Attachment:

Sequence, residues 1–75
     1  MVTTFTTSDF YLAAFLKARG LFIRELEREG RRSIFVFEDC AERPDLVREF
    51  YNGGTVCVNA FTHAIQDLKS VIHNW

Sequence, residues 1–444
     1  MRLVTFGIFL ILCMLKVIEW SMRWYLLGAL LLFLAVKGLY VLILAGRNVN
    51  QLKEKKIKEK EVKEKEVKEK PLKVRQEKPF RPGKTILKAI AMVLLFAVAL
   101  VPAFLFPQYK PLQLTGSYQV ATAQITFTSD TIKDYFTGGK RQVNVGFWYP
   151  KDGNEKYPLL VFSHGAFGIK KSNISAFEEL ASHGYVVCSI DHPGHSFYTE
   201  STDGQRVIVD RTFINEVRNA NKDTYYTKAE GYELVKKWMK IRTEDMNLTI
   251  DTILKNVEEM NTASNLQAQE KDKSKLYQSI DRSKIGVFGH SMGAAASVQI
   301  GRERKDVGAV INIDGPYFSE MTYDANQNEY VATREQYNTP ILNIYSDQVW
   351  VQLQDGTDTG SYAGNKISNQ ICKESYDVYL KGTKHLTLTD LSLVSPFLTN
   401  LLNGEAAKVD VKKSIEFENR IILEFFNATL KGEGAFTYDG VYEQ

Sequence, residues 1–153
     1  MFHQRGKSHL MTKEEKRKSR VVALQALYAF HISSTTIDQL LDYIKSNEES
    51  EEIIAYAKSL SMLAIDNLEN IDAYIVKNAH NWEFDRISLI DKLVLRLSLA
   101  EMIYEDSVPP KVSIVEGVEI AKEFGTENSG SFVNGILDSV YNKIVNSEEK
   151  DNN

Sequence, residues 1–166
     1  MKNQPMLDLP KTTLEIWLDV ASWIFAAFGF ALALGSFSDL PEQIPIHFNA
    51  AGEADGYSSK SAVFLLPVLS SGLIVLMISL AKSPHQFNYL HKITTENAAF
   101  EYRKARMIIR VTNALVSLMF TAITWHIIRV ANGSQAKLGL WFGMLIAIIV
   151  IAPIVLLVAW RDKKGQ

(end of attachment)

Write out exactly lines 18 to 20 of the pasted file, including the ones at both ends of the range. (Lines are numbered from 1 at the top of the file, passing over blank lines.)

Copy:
   151  DNN

Sequence, residues 1–166
     1  MKNQPMLDLP KTTLEIWLDV ASWIFAAFGF ALALGSFSDL PEQIPIHFNA